Leeds, United Kingdom, 2007
Three years ago, the night before Christmas, I remember the air being cold and languorous. The city was a ghost town; people had retired home early, last minute shoppers scrambled in and out of the supermarket, the streets were empty and wet. So much for festivity and gaiety, the only thing that seemed to sparkle were the fairy lights strung across the main square. It wasn’t the coldest winter, so to say, but there was something fug about the atmosphere. You know, you could feel that silence penetrate right through your coat and slice into your heart – well, yeah, the sodding scene was such – melodramatic to the hilt.
‘T,’ I said to my flatmate, who was with me at the time, ‘This is bloody depressing.’
She nodded, pulling together her coat and tucking her arm into mine, hoping it would feel warmer. ‘This is sad. It’s not even snowing. We’re supposed to be having a white-freakin’-Christmas.’
Then, we turned around the corner and saw this guy. Everyone had gone home, and there was this guy, wearing a hat, an open guitar case in front of him, singing Dylan's 'Tambourine Man' to an empty street. We stood near him listening to him sing, his voice soft and soulful, filling the intersection near Next with a kind of warmth that I can't quite describe.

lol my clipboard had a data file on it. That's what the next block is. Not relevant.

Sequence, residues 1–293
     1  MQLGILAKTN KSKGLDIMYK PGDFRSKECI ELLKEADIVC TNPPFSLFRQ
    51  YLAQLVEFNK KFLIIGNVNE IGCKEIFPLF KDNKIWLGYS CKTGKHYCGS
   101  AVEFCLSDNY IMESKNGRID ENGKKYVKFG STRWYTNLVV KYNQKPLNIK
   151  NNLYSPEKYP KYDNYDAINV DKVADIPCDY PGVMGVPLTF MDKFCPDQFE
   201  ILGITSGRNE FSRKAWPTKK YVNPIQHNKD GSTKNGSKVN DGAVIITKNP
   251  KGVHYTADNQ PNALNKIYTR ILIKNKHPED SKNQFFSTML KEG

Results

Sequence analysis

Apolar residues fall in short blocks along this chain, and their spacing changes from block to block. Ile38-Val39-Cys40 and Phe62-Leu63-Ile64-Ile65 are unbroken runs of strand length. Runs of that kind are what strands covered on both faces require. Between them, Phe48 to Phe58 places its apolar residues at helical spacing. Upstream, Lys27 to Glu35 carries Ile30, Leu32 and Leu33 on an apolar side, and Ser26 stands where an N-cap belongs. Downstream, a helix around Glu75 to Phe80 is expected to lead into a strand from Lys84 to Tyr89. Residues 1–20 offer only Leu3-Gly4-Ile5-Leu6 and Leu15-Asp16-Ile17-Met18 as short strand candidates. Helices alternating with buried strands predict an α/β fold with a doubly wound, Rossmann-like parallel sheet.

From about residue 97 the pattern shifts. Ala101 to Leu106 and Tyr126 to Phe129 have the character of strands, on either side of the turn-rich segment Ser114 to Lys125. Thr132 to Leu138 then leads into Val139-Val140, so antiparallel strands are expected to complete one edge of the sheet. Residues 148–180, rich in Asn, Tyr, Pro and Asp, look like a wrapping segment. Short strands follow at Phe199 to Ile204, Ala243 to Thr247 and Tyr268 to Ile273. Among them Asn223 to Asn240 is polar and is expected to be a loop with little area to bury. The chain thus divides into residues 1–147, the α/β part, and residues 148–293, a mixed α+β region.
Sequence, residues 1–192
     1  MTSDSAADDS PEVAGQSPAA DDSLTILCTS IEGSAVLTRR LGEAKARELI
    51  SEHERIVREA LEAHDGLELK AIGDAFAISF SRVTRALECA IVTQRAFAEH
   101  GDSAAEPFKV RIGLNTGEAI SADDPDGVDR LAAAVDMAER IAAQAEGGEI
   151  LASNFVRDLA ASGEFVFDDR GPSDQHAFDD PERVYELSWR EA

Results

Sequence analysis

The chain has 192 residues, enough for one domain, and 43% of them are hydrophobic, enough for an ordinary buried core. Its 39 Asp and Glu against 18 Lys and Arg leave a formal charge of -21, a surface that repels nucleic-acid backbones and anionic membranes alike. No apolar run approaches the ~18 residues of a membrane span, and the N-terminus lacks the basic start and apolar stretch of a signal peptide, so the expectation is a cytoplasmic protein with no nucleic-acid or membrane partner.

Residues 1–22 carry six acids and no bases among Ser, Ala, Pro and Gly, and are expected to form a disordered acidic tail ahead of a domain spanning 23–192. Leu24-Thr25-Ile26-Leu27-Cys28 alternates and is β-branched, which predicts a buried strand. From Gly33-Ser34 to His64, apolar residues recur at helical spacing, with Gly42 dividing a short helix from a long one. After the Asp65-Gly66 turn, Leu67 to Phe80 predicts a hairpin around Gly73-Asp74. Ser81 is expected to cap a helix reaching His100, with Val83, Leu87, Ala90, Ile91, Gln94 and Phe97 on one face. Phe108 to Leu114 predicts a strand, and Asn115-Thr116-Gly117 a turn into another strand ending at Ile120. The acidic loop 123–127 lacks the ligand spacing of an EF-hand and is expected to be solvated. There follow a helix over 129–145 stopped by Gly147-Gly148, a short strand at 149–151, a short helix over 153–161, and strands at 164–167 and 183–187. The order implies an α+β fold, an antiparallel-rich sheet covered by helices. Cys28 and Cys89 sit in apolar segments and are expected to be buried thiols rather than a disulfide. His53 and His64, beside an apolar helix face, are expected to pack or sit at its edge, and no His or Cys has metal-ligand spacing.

T turned to me, and said, 'You know..it just struck me that it's the last Christmas we're spending together.'
We introduced ourselves, dropped a quid and paused when he looked at us. 'Please,' he said, ' would you like to buy a CD?'. T and I looked down, and in his guitar case, he had cut CDs and put them in self-made covers. The Black and White print read 'Jonathan Walker -The Ashville Sessions 2007'. He looked at us smiling, adding softly 'It'll be a real one some day'.
As I stood, trying to make up my mind, T took her wallet and asked him for a CD. It is for you, she said when were home, everytime you listen to it, I know you'll think of this Christmas.
Later that evening, I searched for Jonathan's Myspace profile and sent him a message thanking him for making him for making our Christmas so special. He replied, thanking us for our kind words and wishing us for the year ahead.
It's been three years since I graduated. Three years since I saw T, as she now lives in Italy. Yet, every year, around Christmas time, we still talk about that walk to the city square, and turn on Jonathan's CD to listen to his voice. This year, I learned that Jonathan has gone places with his singing. He sings on the streets of Leeds and Liverpool, and has recorded a live CD. On Youtube, youngsters who've had the chance to say hello have recorded videos of him. To those people who walk that corner by Debenhams or Next, he is now a known face. These days, I figured, they stop to listen.
I wrote on T's wall this morning, asking her if she remembered our last Christmas. Hours later, I got a reply that said, 'How could I forget?'.